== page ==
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The description of the immovable object spell (Explorer's Guide to Wildemount, p. 187) says:

You touch an object that weighs no more than 10 pounds and cause it to become magically fixed in place. You and the creatures you designate when you cast this spell can move the object normally. [...]

If the object is fixed in the air, it can hold up to 4,000 pounds of weight. [...]

So does this mean that to the caster can move the object at will, and wherever he lets go, the object just sits there (in 3-dimensional space)?

or

Can the caster place the object in the air and swing on it or climb using the "immovable" aspect himself? If so, is it a free action to activate, since no action is listed here?

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Yes and Yes. The cases aren't mutually exclusive.

Both the described moving the object by the caster to be fixed in it's new position and using the fixed nature of the object are available to the caster.

Caster moves the object, it still remains under effect of the spell.

Moving the object does not end the effect of the spell. So the effects still apply in that the object is fixed in place for everyone but the caster.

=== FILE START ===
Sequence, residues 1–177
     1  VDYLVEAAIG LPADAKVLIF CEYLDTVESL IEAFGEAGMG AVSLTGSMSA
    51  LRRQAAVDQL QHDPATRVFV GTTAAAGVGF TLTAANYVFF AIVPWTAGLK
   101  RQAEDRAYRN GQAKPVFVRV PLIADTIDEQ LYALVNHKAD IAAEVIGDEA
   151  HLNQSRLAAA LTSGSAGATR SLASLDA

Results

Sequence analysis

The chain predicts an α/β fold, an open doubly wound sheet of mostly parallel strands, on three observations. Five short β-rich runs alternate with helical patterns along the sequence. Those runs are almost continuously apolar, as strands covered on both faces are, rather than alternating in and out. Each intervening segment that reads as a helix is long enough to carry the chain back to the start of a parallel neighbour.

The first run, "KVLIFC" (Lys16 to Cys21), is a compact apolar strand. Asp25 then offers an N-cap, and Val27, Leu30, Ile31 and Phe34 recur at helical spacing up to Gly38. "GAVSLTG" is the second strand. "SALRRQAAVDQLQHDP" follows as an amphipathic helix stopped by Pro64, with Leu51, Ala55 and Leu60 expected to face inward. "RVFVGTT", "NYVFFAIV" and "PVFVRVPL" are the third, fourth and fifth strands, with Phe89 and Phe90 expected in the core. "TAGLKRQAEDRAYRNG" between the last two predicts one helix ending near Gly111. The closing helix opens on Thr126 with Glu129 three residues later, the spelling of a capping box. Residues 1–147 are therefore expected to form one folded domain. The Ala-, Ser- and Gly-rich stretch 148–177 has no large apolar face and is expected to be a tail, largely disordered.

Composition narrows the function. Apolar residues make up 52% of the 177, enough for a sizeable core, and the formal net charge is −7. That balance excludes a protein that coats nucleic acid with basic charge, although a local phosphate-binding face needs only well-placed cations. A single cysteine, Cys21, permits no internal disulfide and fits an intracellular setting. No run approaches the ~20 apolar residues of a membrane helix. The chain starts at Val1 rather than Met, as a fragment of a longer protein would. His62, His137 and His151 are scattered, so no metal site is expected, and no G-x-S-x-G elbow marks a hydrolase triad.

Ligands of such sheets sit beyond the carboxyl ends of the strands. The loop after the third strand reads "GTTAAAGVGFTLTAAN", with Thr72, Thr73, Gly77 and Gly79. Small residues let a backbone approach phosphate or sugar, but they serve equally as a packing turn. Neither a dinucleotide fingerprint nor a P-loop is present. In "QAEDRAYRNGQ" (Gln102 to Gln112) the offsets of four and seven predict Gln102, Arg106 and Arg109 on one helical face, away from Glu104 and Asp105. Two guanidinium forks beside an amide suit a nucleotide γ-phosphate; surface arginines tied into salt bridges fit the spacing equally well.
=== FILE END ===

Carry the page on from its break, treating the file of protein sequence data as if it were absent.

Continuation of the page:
The caster and designees move the object at their discretion.

The use of "can" does not obligate the caster to move the object normally. This interpretation hinges on the term can. In short, the sense of "can" applicable here indicates ability to do a thing and indicating possibility to do it. The sense here is synonymous with "may".

Contrast the existing wording with that where "can" has been removed. It would essentially be "You move the object normally" indicating the spell effects do not apply to the caster. The use of "can" gives the caster the option to use the effects of the spell or move the object normally.

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  • \$\begingroup\$ So hypothetically, arrows with this property would be fired as normal by my character, then once they embed themselves into a creature that creature would have their movement impaired until they could back off the arrow? Or if a wall was behind them, they would be pinned there? (English is my 3rd lang, I am just trying to make sure I have it right) \$\endgroup\$ – Sam Lacrumb Mar 20 at 15:57
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    \$\begingroup\$ @SamLacrumb I do not believe so. Generally, the archer aims an arrow and lets the bow do the work of moving it. This would be an application for a dagger or other implement the caster was themselves moving. \$\endgroup\$ – GcL Mar 20 at 16:18
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    \$\begingroup\$ @SamLacrumb No, you let go off the arrow and it can't move anymore, so it can't even move away from you at all. \$\endgroup\$ – Cubic Mar 20 at 20:45

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